Thoughts on How Digital Pathology Will Usher in New Era of Personalized Medicine

| June 14, 2010

Dr. Joseph Krueger over at his Instablog has some interesting comments concerning digital pathology and personalized medicine. 

He writes "This new technology, whole slide imaging, or digital pathology, is moving pathology closer towards an electronic science. Radiologists have worked exclusively from digital media for years, but pathology is just now moving in this direction. The entire tissue section on the glass slide is scanned in a high-throughput scanner, made by established digital pathology companies like Aperio, Bioimagene, Zeiss, and Hamamatsu, or newer entrants with even faster scanning technologies like Leica, Philips, and GE’s Omnyx subsidiary. The pathologist can now read and diagnose from a computer screen, eliminating the need to ship glass slides around during clinical trials. More importantly, the pathologist can run computer image analysis across the tissue section, generating quantitative information highly useful in the development of a companion diagnostics program. This methodology not only speeds up the pathological assessment process, reducing cost, it provides the means for a rapid and inexpensive companion diagnostic based on the “gold standard” assessment of pathology."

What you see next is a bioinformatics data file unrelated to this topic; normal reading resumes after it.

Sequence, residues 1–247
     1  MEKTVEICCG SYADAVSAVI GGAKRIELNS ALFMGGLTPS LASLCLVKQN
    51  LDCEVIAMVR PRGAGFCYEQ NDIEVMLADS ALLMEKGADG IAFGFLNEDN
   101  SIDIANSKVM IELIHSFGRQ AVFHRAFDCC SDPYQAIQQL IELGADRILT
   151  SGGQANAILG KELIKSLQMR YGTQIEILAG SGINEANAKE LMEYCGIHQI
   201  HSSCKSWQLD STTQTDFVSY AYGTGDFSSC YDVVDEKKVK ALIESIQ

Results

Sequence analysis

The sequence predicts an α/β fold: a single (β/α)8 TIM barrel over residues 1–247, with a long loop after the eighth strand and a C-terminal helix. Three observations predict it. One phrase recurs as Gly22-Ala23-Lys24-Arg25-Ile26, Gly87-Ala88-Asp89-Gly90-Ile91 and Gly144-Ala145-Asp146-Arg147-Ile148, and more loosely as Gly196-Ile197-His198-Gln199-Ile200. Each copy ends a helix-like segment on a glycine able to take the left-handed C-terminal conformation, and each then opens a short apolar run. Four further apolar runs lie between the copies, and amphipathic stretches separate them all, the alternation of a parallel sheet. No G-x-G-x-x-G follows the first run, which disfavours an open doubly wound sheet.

Who could disagree with that?  I think Dr. Krueger touches on one of the many values of digital pathology; the power of image analysis with a digital data set, a real advantage over analog review alone. 

The post provides interesting background and further discussion that is worth checking out:

Digital Pathology Will Usher in New Era of Personalized Medicine


Category: Digital Pathology News, Pathology News

Comments (1)

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  1. Richard A. Smith, MD says:

    I see opportunities for greater standardization of diagnoses, eg ADH of breast v. florid hyperplasia, allowing better stratification of patient risk. Numeric analysis of nuclear size and variability as objective data in deciding what is true atypia and what it means for the patient.